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  • Robert Farago

How to Hypnotize a Stripper

I haven’t done hypnosis professionally for at least a decade. But I still do it. In bars. It’s not what you think…

I don’t use hypnosis to show off or rewrite the rules of attraction in my favor. I could – but I can’t.

As soon as I start hypnotizing someone, I’m overtaken by an inviolable sense of responsibility.

Moral? Spiritual? Paternal? Legal? That too.

It’s not a choice. Not after hypnotizing thousands of people who depended on me to fix something they were desperate to fix. Phobia, weight loss, smoking, insomnia, you name it. But above all, confidence.

You’d be amazed how many people go through life unable to be the calm, confident and relaxed person they want to be. I reckon most people answer to that description – no matter how successful they seem.

Usually, there’s trauma involved. Trauma they reveal via the easiest investigative technique there is: ask. I know what to ask, I’m not afraid of asking and they can tell I care. Because I do.

Beautiful women are no exception to the rule. No surprise: those are the subjects my male companions want me to hypnotize.

Once I’ve been volunteered to do my thing, it takes me a couple of minutes to identify what the subject wants fixed and how it came to be broken.

From there, I do a simple hypnotic test. If they fail, I’m out. If they don’t, I do the work, usually speaking into their ear from a foot away to overcome background noise and maintain privacy.

Sometimes I erase trauma. “If you know it’s time to move on, nod your head gently yes. Good. In a moment, I’ll count to three and all the negativity associated with X will be gone forever.” Or, in some cases, the memory itself.

Sometimes it’s just a simple command. “You will be calm, confident and relaxed whenever you…”

More often than not, I succeed. How do I know? I implant an associative post-hypnotic suggestion (APHS). Something like “Every time I tug my earlobe, you say the word banana.”

If they say “banana,” I tell them to try not to say it. If they can’t resist, I know I’ve accessed their subconscious mind.

If they don’t say banana, I can still hope something “stuck.” I’m only giving positive suggestions, so they’re no worse off than before. Maybe better.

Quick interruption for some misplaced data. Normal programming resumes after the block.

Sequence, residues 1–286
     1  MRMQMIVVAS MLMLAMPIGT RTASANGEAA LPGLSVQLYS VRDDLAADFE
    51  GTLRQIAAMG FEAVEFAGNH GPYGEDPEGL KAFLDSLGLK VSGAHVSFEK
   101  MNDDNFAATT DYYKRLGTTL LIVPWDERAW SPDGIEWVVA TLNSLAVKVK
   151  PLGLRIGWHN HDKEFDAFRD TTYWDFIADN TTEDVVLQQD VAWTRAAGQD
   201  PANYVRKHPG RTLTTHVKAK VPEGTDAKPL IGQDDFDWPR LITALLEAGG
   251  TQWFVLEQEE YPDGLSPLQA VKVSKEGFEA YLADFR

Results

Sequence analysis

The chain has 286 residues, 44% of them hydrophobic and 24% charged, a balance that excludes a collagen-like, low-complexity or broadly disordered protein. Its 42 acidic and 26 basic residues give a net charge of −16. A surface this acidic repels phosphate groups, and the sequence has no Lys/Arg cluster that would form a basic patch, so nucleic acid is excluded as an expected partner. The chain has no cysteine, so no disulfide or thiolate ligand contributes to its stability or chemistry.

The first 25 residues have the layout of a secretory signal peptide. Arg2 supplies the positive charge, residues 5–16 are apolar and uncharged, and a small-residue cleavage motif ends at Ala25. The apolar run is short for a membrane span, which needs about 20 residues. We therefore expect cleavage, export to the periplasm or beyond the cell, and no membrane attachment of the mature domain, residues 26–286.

Occasionally I’ll hypnotize someone with a problem I can test, right then and there. Like the stripper at the Red Rose.

Here’s how that went down…

Jake (not his real name) and I were in Habana House, smoking cigars. He suggested filming a series of videos for social media, hypnotizing strippers.

Jake is entirely comfortable in strip clubs. I find them degrading. Not necessarily to the women. To the men. And myself.

Still, I liked the idea of treating strippers like people, with dignity and respect. And Jake had a point: “stripper hypnosis” would relaunch my public persona with plenty of punch (a.k.a., social media views).

Anyway, the Red Rose was right next door, I had an hour of free time and, for once, cash in my wallet. Test run? What the hell…

A stripper named Grace (not her real name and not shown) joined our table and started schmoozing. I quickly learned Grace had PTSD from a friend who died suddenly and sexual abuse in the military.

I did the metal - magnet hypnotic test. Grace’s hands touched. She was hypnotic. But one of her hands was shaking badly.

Turns out it was a longstanding issue; a problem that forced Grace to abandon her work as a professional musician. I asked if she wanted me to sort it out. She did.

I put her into trance – in a strip club with flashing lights, pumping music and women on stage doing their thing (not my thing, in both senses, but a bit distracting).

When Grace came out of hypnosis, the APHS worked. I told her to hold her hand out. It was rock steady. Without so much as a “wow” or “thank you,” Grace headed for the parking lot to meet her drug dealer.

Clocking my less than salubrious surrounds, I was left wondering if hypnotizing strippers was “on brand.”

In any case, Jake and I agreed: there was no way in hell the manager was going to let us record in the club, a venue that lends itself to video like an ice rink lends itself to pickle ball.

Also worth noting: I got nothing for my impromptu hypnosis session. Except the satisfaction of helping someone. Aye, there’s the rub (or not).

My conundrum…

Writing is my passion, but it doesn’t pay – at least not yet. I’m sorely tempted to return to the fame and fortune of the watch-swinging business.

On one hand, I genuinely miss helping people. Once I build a rep on social media, the money will flow, as it did in the U.K.

On the other hand, I’m worried hypnosis will take over my life. Again.

Do I want to be a writer or a hypnotist? In my 64 years, I’ve learned that singular focus is the key to success.

I don’t think I can do both writing and hypnosis. I’m scared to try, and there isn’t a hypnotist in town who can banish my angst.

Feel the fear and do it anyway?

Now that the Austin heat has finally broken, I could video some street hypnosis, post it on TikTok and let the universe decide. Or forget it and keep tapping these keys.

Have you ever found yourself standing at a career crossroads (without a guitar)? How did you choose? Your advice would be most welcome.

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